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Environmental Services

working for clean rivers

Phone: 503-823-7740

Fax: 503-823-6995

1120 SW 5th Avenue, Room 1000, Portland, OR 97204

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Before and After: The Tryon Creek Iron Mountain Project

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Keeping sewage out of the water and improving stream habitat.

This summer marks five years since completing the Tryon Creek Iron Mountain Streambank Restoration and Sewer Maintenance Project in Southwest Portland. We are excited to share some photos showing the dramatic changes that have taken place along this part of Tryon Creek. 

The Iron Mountain Project is located just upstream of the Iron Mountain Bridge in Tryon Creek State Natural Area. In 2008 an exposed sanitary sewer line along Tryon Creek posed a threat of leaking sewage into the stream.

exposed sewer pipe and manhole in stream

project area at start of construction

The photos above show the exposed sewer infrastructure, eroding stream banks, and invasive plants contributing to problems there.

stream and bank after constructionEnvironmental Services’ project protected the sewer infrastructure, restored stream bank conditions, and enhanced 200 feet of stream and over three acres of habitat. The project enhanced stream and wetland functions to benefit threatened salmon and other native fish and wildlife.

The photo to the left shows the same spot, just after construction.  Look for the large fir tree trunk in the background of each photo for comparison.

 

 

mature plants at project siteNow, five years later, the stream bank is stable and native plants have filled in the area.  It may look like a jungle, but this is a healthier stream!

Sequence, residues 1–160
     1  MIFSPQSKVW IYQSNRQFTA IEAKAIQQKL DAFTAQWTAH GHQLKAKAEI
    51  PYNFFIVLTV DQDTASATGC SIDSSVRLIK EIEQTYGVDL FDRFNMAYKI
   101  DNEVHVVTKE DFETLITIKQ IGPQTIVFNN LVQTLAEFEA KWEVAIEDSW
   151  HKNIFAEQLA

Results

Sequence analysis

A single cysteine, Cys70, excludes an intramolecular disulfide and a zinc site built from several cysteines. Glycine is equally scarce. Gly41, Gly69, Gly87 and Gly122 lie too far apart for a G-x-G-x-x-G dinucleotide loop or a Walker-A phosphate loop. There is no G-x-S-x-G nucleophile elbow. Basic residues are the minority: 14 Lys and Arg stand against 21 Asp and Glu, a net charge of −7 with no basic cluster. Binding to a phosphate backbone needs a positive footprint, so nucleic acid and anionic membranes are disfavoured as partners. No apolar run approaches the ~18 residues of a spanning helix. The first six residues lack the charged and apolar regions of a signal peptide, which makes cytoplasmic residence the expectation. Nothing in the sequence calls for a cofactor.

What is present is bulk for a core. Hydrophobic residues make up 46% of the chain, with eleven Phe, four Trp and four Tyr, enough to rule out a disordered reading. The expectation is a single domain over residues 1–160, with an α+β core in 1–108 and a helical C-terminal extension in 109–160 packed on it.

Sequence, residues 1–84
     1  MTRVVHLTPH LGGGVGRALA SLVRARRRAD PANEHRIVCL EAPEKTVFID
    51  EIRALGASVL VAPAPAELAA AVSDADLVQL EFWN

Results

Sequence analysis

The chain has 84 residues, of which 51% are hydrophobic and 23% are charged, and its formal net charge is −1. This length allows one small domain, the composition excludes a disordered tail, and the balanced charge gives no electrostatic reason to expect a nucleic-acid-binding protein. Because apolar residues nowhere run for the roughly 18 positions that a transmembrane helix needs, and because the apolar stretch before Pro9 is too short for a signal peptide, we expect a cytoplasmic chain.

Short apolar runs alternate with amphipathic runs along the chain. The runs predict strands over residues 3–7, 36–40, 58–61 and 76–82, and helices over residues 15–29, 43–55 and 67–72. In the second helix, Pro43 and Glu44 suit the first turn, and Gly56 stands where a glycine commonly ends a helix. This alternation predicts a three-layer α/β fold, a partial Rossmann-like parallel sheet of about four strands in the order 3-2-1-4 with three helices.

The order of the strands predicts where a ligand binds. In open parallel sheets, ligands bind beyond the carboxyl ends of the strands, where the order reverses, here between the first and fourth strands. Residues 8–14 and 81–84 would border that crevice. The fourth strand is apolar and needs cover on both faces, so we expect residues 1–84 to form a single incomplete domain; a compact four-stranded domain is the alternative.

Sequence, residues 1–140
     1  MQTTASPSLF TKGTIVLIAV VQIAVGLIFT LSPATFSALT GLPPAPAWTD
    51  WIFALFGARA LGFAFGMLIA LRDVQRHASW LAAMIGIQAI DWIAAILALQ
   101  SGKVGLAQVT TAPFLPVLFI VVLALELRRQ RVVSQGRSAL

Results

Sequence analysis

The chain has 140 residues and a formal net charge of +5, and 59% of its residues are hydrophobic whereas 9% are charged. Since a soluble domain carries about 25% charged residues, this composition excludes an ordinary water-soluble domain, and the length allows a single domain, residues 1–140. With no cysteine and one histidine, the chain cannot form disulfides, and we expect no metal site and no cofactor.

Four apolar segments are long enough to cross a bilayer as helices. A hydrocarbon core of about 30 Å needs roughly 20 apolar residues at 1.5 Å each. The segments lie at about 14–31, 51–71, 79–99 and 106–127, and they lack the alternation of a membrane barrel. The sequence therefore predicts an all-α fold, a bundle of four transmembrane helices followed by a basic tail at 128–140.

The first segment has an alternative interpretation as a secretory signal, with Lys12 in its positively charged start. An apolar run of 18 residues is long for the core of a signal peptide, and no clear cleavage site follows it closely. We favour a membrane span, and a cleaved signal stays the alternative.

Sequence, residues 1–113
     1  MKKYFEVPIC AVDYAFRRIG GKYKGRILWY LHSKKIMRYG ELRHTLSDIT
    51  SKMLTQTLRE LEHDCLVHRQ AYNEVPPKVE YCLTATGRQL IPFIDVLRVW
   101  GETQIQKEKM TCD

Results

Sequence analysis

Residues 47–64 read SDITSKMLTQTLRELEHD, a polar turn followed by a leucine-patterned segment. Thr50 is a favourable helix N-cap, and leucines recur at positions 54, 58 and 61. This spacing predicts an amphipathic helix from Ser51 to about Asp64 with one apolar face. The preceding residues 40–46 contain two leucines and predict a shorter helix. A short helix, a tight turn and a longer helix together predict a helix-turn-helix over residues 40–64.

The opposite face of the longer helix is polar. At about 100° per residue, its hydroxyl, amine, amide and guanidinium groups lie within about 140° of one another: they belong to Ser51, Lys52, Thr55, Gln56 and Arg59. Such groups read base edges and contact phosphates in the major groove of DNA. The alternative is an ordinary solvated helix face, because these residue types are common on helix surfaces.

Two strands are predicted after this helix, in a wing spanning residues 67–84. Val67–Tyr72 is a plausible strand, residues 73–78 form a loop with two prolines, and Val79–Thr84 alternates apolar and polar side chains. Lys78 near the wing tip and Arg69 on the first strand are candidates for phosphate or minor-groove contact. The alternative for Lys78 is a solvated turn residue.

Learn more about Tryon Creek and other projects we’re doing to improve conditions in the watershed.

Check out activities, events, and ways to get involved with the Friends of Tryon Creek.

Construction Starts on Terraced Rain Gardens Project

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Green Infrastructure along I-5 in SW Portland will help protect Tryon Creek

rain garden project construction signWondering about the new construction along I-5 in Southwest Portland? Construction started in July on our Terraced Rain Gardens Project.  

 

Environmental Services is partnering with Oregon Department of Transportation to construct a series of terraced rain gardens to treat stormwater runoff at the intersection of Interstate 5, SW Barbur Boulevard and SW 26th Avenue.  This project will protect water quality in Tryon Creek.

 

Stormwater runoff from these roads currently drains directly to Tryon Creek and carries pollutants to the creek. The rain gardens will slow runoff, reduce erosion and allow pollutants to settle out before the stormwater enters Tryon Creek. Tryon Creek is among the few streams in the Portland metro area with a run of steelhead trout, and coho salmon have been recorded spawning in the creek.

construction site near SW 26th Ave

 

For construction updates, check the project page.

To learn more about Environmental Services projects to improve Tryon Creek, visit the Tryon Creek Watershed page.

A Lamprey at Luther Road